Wednesday, June 18, 2014

Not All Temptations Are Equal


"I'm so going to regret this tomorrow...."

"It is easier to ask forgiveness than it is to ask permission...."

"Only once......everybody does it.....nobody will know...." 

"At least I'll have fun on my way to hell...."

Perhaps you've thought these or other thoughts when facing temptation.  If you're like me, you've thought them and more.

Welcome to mortality and free agency.

But how do we deal with temptation, especially "addictive-type" temptation - those favorite sins - that catch us over and over and over again? (Often before we even are aware we're in trouble).

Well, I think I have an answer.

One of the main things we need to do in our personal lies is "be aware" of ourselves - how we are feeling, what we are thinking, how we are doing and much much more.

A major issue we see in patients in mental health (and humanity in gneral) is most people are simply riding the rollercoaster of life and are just "along for the ride" without ever stepping back and noticing what is going on with them personally.  

You need to KNOW you are on this
 They can be manic, but are simply experiencing mania, but aren't aware "I'm manic."  Or may be depressed, but aren't aware "I'm depressed."  It just creeps up on them. And they may struggle for a very long time with a problem, completely unaware that they have a problem or are experiencing a problem.  That's my job in mental health, to identify the problem, and then help them see it and understand it and find a solution to it.

So when it comes to temptation, one of the things we need to be aware of is when we are being temped.  As in cognitively identify "I'm facing a temptation right now." 

Usually when we face temptation, we're caught up in other things, may be struggling with something else and are not actively dealing with the the temptation.  We may recognize that we are facing a dilemma, but instead may be just rushing through life, and suddenly find ourselves in the middle of a problem that we know we shouldn't be in....but without having actually ever stepped back to stop, think, analyze, assess, plan and deal with the issue.

So what to do?

If you've never seen these - this is called a "Likert Scale."  We use them all the time in psychology.

They can also look like this:

0     1     2     3     4     5     6     7     8     9     10

or like this

Poor  Fair  Good Great Excellent

Or like about anything else you can come up with in terms of a scale to rate something.

So the first thing is to be aware we are facing temptation.

But fortunately - not all temptations are created equal.

There are some things you simply are not tempted to do.  Smoking meth simply may not be an issue for you. 

And the things you struggle with?  Well....if you were to rate your temptation on a scale of 0-10 with "0" being "This isn't even an issue" and a "10" being "I'm about to do this right now and have gone so far that stopping is pretty unlikely or going to be awkward and difficult..."   you may notice that you aren't always at a "0" or a "10."  In fact, you may be at a "1" at some point, and through a series of decisions and choices works your way up to a "10."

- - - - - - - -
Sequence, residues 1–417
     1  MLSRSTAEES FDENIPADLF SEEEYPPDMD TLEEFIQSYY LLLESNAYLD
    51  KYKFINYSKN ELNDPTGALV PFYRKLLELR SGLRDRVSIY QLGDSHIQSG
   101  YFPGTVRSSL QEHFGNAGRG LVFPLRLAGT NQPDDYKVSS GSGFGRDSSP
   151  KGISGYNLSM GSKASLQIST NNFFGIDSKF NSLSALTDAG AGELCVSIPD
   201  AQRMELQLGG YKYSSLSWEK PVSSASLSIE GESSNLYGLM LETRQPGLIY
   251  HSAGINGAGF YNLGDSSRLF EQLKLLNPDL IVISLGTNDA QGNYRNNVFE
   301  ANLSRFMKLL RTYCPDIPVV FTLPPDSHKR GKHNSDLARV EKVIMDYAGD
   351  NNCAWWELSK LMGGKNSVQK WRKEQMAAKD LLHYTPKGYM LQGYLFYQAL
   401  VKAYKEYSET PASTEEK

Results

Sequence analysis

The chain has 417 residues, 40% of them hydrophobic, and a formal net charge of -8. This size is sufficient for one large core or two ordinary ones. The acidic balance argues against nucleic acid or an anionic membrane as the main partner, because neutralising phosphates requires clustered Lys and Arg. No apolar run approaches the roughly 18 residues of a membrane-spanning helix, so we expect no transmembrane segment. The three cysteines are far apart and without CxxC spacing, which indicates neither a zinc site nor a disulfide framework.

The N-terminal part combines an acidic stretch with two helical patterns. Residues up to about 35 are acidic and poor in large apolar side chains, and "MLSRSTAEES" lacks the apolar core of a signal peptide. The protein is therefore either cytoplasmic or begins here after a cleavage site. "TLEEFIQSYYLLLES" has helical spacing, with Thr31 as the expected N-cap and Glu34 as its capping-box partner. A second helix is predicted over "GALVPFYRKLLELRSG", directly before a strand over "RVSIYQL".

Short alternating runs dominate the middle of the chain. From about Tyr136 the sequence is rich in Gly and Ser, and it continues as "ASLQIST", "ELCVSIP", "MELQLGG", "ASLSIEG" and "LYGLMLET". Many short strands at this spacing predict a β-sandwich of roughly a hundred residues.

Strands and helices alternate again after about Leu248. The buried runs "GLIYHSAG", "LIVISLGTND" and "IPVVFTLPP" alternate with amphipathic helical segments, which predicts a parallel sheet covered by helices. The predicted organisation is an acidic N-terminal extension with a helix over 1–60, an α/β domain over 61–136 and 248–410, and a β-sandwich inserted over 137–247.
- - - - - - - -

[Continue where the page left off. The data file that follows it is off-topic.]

But unfortunately, we often don't actually notice and become aware of the more challenging temptations until we are at a "9" or a "10" when avoiding it may become particularly difficult.  Or, we may identify any and all temptations as the same, no matter how hard or soft we are tempted, we recognize it simply as temptation, and we succumb.

Maybe 0-5 could be described as having our mental faculties, and the environment is mostly at play in the process, and a 6-10 to where you're actually rationalizing giving into temptation, with a 9 and a 10 being "flirting with temptation." 

So I 'm thinking that becoming actively, consciously, cognitively aware of temptation is a first step to avoiding it.  But by identifying how much we are being tempted we may be better able to avoid the latter issue described in the paragraph above where we simply succumb to any level of temptation with our favorite sins.

For example, when we are faced with a temptation, taking a moment to rate it and saying "I'd say I'm at about a 4 right now in terms of being tempted."  

Now wouldn't it be a shame to succumb to temptation at a "4"? 

But being aware of, say, being at a "4" can help you put together a plan to keep from progressing to a "6" or "8" and on up. 

But also putting together a plan on how to go from an "8" to say a "3" is just as critical.   Not just "how to go" but "how to effectively go" - you need a plan that works and that you know will work!  And maybe a backup plan after that.

No general would go to battle without a plan, and in the battle for your soul, you need a plan as well.

What your plan would be will vary depending on what you struggle with.  

In dealing with addictions for example, a plan such as "have a note in my wallet reminding me not to do drugs that I will see if I pull out my wallet out to buy meth" isn't likely to be very effective.  If you've reached the point where you're in the middle of a meth deal, a note in your wallet is going to be pretty impotent at that point.  Hopefully you aren't dealing with meth addiction, but I thought I would just use this as an example.

At any rate, in our faith we are taught to "Choose The Right."  But with our souls at stake, perhaps weighing the consequences as well as weighing the amount of temptations we face and planning on how to deal with it might be more effective than simply "Don't do anything stupid" or "Win!" for a battle plan.

These are just some thoughts I had today I thought I'd write down. 

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